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A Vision of Safety

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Jowd made his way through the mines, seeking… he wasn’t sure. He’d wandered the chill, empty streets of Narshe, concluding yet again that he was alone in a dead world, and he was in hell. He’d met people in his wanderings out in the world, but they must have been ghosts sent to plague him by an uncaring god. This was only fitting, of course, and what was just for his crimes, but still, he couldn’t quite bring himself to merely sit and wait. He’d done that, for five years. What had it brought him except to this? In memory of those whom he’d allowed to fall, the only just punishment was to move until he could not anymore.

The caves were still lit with a warm, yellow light that seemed divorced from the frozen glare of the snow outside. If Jowd had had it in him to be fascinated any more, he would have examined one of the ever-burning lanterns and taken notes for the engineers of Figaro—but they could hardly care about such things now, could they? They too were gone into the dark. The train had taken them, as it had taken all he loved, except for himself. He was denied that mercy.

The monsters of the caves were weak, and Jowd waded through them with barely any attention spared for their groans and howls. If he’d had a purpose, it might have been different, but as it was, he let them come. If they defeated him, perhaps that only meant an end to this limbo, which was as likely an explanation as any as to why the green-skinned, dead wizard from another time, one whom he could only assume, on later consideration, had risen from the dead in the cataclysm that shook the world, was able to catch him with its spells, sending him reeling in sleepy stupor to the floor. The last thing he heard, before he hit the ground with a whump that shook the caves, was a strange, panicky music and the thumps of dancing footsteps. His lips curved in a languorous smile. Ah. So Cabanela had survived after all, and was coming for him, to keep him safe.

As he woke, he lay in a warm, empty cave. Before him stood a large, round stone, an orb of mighty of stature, and it was staring at him. Jowd, as an orb of mighty stature himself, could respect something like that. He sat up, stared at it, let the abyss of its eyes take him. In those eyes was the image of everyone he’d lost. In those eyes was an unspoken welcome that bade him come in and stay, rest, and let him envision a world where beautiful things still lived.

Hours or days or weeks later, he awoke from his vision. The cave was still empty around him, although, to his passing bewilderment, there were drifts of paper all around him, littering the floor, and there was a ribbon tied around his leg. Ignoring that for now, he picked one of the paper sheets up. It was written in an almost unintelligible scrawl and seemed to be about the glories of something called Mino—ah. A drawing revealed that Mino was his stone companion. His rescuer, somehow? After what Jowd had been though, it almost seemed plausible. Jowd nodded slowly, reaching for charcoal from a burnt-out fire. The blank whiteness of the paper called him and he drew, before realizing he no longer needed the paper. His vision was rising to meet him, his family and Figaro shining like castles in the air.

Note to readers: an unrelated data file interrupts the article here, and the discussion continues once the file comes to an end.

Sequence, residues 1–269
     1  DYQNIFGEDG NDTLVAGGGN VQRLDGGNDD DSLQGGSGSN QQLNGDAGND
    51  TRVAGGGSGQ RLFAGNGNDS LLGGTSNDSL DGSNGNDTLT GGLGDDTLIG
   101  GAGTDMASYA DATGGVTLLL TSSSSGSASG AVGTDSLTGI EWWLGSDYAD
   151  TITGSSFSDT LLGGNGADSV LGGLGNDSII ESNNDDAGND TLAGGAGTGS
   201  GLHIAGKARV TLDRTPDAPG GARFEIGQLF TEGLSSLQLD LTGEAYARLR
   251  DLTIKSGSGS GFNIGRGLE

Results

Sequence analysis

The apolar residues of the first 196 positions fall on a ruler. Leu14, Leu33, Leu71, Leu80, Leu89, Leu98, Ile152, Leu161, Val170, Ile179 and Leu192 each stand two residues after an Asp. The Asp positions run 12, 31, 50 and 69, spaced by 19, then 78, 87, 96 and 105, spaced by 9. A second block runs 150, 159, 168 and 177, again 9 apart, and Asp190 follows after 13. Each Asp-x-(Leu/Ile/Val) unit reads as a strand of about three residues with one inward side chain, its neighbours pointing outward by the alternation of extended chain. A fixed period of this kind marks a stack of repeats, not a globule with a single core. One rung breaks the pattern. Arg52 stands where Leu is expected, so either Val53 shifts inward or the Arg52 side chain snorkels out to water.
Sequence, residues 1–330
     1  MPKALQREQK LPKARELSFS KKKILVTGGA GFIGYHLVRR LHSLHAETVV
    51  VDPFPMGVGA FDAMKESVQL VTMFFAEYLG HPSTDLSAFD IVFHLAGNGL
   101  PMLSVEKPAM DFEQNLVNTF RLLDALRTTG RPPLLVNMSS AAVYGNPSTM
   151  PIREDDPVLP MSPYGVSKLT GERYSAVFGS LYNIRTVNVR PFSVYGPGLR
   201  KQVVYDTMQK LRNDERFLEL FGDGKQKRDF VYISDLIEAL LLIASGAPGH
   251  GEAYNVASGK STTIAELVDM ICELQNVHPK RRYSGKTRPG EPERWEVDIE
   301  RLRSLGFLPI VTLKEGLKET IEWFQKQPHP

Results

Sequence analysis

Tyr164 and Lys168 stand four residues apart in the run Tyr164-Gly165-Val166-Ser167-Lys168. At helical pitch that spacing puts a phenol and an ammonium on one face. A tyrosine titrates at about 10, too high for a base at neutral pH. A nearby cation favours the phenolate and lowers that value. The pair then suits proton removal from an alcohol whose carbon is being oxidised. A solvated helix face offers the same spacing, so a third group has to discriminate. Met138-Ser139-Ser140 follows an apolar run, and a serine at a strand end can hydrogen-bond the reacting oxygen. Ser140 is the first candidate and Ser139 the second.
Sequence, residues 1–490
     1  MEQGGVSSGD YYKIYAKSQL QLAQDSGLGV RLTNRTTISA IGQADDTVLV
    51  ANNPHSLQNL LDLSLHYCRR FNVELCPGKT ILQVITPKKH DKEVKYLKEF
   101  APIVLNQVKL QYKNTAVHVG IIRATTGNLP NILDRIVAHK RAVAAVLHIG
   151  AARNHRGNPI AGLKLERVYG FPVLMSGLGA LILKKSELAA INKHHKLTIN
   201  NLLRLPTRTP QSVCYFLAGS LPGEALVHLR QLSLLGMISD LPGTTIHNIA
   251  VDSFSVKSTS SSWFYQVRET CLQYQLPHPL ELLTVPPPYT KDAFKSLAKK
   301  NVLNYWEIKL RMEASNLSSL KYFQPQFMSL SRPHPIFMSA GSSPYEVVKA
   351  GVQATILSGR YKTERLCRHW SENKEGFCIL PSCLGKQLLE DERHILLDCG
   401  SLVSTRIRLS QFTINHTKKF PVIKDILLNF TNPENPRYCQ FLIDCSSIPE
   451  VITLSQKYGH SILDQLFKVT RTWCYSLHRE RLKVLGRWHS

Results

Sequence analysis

He looked around at the empty cave and the phantoms he’d created, although they were fading quickly. Someone had been taking care of him, although they were not here now. If it was Cabanela—no. He dismissed that thought quickly. Cabanela would never have stood for the welter of paper and the untidy fire. Jowd shook himself. What kind of wishful thinking had that spell brought him? It wasn’t worthy of his present circumstances, and yet…

He found his hand moving slowly in the air, and he sketched out Cabanela as he had been the last time Jowd had seen him. He’d taken a flying leap and he’d been in Jowd and Alma’s arms… but now this figment stood in Jowd’s arms alone. Carefully, Jowd leaned his face to this new version of Cabanela, one untainted by memory, shame, or guilt. Once his kisses had burned like sparks, racing through Jowd’s veins. Now his careful lips met only the chill air of the cave.

Ashamed, Jowd backed away and swept a hand through the thing he’d created. It was no more real than the rest of his dreams, and Jowd had no right to wish for it to be so. He turned away, trodding heavily away from that place without looking back at Mino or the rest of the mess. If there were rescuers here, they too were likely no more real than dreams and with as little need for Jowd as the rest of the world. Better to be on his way, although—he looked down at the forgotten ribbon. What that was about he wasn’t sure, but best to leave it, with his thanks to the rock that had gifted him this puzzling, seemingly useless, painfully comforting new skill.